“We just decided to get a head start on our project for school,” Dan said as he dumped two of the duffels in the middle of the room and shrugged his shoulders, smiling at his brother. When Chris smiled back, Sam was struck by how much they looked like Dean. “Besides, Sammi wanted to go camping. Said she wanted to make s’mores over a campfire and listen to your old stories, Grandpa.”
Dean’s shoulders sagged and he scratched underneath his ear. “Well…” He looked up as the screen door slammed shut, Sammi standing there as gangly as her mother had been when Katie was thirteen; caught between a little girl who still had skinned knees and the woman she was going to become. Sam didn’t blame Dean for pulling her into a hug. “You could have made s’mores in the backyard,” Dean groaned softly. “We didn’t have to go to a freaking KOA for that.”
Sam smirked. It was the closest Dean would come to admitting that he’d do just about anything to make his family happy.
“But I wanted to visit Canfield, too.” Sammi’s voice was gentle. “I don’t remember a lot of what Great Uncle Sam said about it the last time we were there.”
That didn’t surprise Sam – they went the summer after Molly died and Sammi had been hit by her grandmother’s death almost as hard as Dean had, taking to sitting in the kitchen and looking at all of the old picture albums with her grandfather. It didn’t do either of them any good so Sam decided to take the kids on daytrips to local tourist spots or parks; maybe it wasn’t a good time to visit Water Loops but it got them all out of the house, away from sharp memories and the expectations that Molly was singing in another room or tending her roses outside.
Molly had been gone for five years now but it still seemed like she was there; a living memory. Like their mother, Molly Winchester was as cherished as she had been the day Dean carried her, kicking and laughing with her arms thrown around his neck, over the threshold of the big white farmhouse. Every nook and cranny of their lives was touched by her, proof that Winchesters didn’t love by halves; that it was more about heart than it ever was about guts.
Sam surreptitiously wiped his eyes, hoping Dean was too caught up with his granddaughter to notice. Mel had seen it, however, and she slipped her arm through Sam’s like she used to do when she six; kissing his cheek softly and leaning her head on his shoulder. He coughed. “Anyone up for lunch?” he asked, voice rough in his throat.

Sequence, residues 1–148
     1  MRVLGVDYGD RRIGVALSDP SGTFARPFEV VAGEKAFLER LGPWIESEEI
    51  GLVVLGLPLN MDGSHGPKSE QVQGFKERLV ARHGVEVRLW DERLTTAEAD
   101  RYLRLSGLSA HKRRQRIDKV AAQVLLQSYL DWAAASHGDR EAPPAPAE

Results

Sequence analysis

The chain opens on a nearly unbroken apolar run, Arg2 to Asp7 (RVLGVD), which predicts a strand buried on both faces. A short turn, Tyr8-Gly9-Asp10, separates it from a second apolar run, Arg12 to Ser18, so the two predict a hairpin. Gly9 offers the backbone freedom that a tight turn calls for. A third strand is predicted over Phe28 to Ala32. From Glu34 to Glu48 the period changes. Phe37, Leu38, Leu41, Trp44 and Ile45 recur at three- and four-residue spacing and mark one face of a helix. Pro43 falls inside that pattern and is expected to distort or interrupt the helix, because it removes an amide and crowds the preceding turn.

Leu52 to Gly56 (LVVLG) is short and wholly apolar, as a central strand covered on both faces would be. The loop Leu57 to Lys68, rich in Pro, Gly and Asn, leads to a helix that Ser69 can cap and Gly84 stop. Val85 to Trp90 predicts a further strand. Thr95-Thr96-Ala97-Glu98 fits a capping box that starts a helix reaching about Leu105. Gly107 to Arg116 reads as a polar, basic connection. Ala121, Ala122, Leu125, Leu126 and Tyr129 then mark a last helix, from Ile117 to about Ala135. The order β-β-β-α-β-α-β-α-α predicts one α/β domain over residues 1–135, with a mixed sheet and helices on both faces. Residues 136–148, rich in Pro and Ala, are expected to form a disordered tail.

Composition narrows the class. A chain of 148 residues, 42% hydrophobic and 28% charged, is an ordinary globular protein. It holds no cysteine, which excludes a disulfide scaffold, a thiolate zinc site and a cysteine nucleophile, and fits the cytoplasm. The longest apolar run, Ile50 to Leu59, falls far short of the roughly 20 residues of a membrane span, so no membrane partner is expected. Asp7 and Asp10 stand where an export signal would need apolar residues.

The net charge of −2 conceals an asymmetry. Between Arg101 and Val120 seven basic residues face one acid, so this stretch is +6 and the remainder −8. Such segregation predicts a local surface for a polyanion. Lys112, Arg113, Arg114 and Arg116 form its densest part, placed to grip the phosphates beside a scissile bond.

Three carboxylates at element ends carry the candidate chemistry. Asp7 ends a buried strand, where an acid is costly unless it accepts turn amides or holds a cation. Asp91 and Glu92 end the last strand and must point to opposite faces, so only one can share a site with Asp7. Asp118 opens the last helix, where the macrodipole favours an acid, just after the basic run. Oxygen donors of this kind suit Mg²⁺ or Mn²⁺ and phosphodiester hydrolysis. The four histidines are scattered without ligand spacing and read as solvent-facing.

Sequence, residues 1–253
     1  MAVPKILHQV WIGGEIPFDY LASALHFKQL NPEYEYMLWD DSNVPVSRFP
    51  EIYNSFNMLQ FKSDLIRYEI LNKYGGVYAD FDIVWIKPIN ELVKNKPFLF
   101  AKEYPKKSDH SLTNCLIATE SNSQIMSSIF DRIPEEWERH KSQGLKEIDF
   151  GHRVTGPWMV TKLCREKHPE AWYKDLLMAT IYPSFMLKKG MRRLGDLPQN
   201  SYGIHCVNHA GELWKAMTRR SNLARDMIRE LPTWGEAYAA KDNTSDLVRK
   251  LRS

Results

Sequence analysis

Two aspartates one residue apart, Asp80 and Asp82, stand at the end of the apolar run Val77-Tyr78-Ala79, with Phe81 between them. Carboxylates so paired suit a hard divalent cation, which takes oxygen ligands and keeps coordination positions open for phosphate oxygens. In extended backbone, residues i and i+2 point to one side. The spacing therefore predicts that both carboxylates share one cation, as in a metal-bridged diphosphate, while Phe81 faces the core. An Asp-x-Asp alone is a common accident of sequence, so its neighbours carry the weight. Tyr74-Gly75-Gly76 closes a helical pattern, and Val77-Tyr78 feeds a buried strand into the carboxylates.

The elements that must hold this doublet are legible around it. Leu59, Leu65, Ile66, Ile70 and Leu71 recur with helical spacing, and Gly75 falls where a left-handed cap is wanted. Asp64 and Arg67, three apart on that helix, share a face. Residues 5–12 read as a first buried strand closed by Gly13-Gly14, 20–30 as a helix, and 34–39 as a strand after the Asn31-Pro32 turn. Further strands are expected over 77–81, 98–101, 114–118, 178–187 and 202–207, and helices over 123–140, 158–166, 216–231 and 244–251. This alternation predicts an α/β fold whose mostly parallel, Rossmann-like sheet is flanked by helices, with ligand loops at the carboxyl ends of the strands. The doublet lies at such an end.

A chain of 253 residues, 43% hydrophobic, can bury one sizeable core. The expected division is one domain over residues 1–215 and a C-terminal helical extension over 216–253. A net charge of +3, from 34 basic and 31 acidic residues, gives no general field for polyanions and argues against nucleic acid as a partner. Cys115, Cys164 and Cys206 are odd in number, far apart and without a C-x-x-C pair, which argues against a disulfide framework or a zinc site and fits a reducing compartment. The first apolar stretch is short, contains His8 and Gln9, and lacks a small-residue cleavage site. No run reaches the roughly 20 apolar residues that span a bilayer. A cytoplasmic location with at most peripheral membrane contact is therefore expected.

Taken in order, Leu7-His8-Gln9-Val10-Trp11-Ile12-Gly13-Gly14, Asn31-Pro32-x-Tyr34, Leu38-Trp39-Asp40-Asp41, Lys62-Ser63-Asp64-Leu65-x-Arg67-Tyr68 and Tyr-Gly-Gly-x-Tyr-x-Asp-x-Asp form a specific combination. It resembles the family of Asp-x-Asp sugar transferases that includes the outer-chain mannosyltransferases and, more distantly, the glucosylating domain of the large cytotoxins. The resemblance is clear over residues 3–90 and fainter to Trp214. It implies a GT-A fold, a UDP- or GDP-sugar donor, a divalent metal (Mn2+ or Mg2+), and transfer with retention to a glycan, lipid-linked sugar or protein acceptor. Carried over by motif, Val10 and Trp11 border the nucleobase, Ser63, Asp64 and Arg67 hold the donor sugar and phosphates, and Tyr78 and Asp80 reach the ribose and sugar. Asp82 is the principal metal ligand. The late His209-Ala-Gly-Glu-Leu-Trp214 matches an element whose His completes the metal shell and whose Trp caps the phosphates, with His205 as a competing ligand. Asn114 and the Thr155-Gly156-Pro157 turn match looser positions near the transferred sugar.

Dean had the kids loaded down with backpacks and enough provisions to last in the backcountry for three days. He’d even slipped two packets of hot dogs into a soft-sided six-pack cooler with some ice and strapped it onto his own pack, grimacing at Sam when he burst out laughing. They were going to a historical landmark within walking distance of the KOA, for God’s sake. No one was going to starve in the ten minutes it would take to get back to the cabin.
Canfield had fared worse than he’d feared in the five years since they’d last been there. The upkeep on the buildings was minimal and the formerly enthusiastic and helpful staff had been reduced to three volunteers trudging around in threadbare historical costumes. The graffiti on the back wall of the old blacksmith’s shop was proof that Canfield had been without a security guard for too long. There were no activities going on and nothing educational for the kids beyond what he could provide.
Canfield had become a sad collection of buildings that had seen better days.
Sam could appreciate the feeling, limping behind his granddaughter. It was cooler than it should have been for the time of year and the chill slipped right into the cracks between his joints. His knees hadn’t hurt like this in years, giving the occasional audible creak as he trundled behind Mel. Without even asking, Mel slipped her arm around his waist and walked side-by-side, her soft smile flashing before she asked a question. She didn’t flinch when a little bit of his weight settled against her hip.